Inv. Scu 889
According to many scholars, this bust represents Matidia Maggiore, the mother-in-law of Hadrian. The bond between Hadrian and Matidia is well known in history and antique sources speak of the great respect and gratitude the Emperor felt for his mother-in-law.
On the occasion of her death, Hadrian gave a funerary eulogy before the Senate and organized gladiatorial games and the distribution of gifts to the people in her honor. He also allowed her to be deified.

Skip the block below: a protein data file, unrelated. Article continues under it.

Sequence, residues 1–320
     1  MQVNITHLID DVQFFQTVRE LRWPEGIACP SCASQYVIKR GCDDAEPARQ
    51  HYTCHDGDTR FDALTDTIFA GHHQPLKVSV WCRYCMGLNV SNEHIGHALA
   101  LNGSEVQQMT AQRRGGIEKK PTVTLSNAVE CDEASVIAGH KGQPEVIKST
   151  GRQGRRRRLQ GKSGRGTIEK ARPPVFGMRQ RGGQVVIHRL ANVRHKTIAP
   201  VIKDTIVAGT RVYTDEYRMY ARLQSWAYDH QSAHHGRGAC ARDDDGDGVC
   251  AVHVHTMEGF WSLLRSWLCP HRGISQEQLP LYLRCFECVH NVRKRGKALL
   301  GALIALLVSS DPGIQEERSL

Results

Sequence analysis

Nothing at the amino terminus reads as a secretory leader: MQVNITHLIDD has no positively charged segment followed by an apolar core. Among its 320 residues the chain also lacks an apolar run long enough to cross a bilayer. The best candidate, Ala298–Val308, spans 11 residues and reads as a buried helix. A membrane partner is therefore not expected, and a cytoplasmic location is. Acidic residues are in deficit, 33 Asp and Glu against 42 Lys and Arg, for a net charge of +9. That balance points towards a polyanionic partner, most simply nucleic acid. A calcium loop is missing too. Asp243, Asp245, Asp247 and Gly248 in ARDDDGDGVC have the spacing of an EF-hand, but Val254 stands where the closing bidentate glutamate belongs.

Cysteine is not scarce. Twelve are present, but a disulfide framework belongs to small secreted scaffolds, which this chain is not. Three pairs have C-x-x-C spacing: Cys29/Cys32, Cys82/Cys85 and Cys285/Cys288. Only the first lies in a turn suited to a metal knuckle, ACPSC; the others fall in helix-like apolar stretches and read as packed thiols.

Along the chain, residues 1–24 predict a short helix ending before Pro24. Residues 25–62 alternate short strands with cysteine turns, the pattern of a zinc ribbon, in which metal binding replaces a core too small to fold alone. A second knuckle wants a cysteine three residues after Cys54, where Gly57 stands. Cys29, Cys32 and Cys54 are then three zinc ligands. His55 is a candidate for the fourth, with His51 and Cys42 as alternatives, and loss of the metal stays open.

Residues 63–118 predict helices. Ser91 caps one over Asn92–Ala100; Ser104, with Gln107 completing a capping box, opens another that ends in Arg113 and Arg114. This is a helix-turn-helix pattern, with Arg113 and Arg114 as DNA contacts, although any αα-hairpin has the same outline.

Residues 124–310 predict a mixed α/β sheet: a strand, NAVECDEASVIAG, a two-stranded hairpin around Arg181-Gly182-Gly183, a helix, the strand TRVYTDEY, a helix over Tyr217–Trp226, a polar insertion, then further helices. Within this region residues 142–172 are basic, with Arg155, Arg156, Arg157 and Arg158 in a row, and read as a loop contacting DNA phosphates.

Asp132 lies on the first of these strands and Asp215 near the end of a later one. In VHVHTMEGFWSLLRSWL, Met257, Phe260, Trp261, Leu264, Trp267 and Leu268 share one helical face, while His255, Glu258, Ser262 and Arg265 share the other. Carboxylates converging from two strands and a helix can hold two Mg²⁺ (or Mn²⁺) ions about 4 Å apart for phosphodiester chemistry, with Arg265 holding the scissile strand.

The bust is sculpted in larger than life dimensions. The head is turned to the right and tilts slightly to the side. Matidia is shown with a rather square and full face. Her forehead is high and wide. Her eyes are small and deeply set in her face – the circles under them are an indication of her advanced age.
On her head she wears a diadem made of hair arranged in ten symmetrical plaits that outline her face.
The work can be dated to the early age of Hadrian and was found near the Esquiline.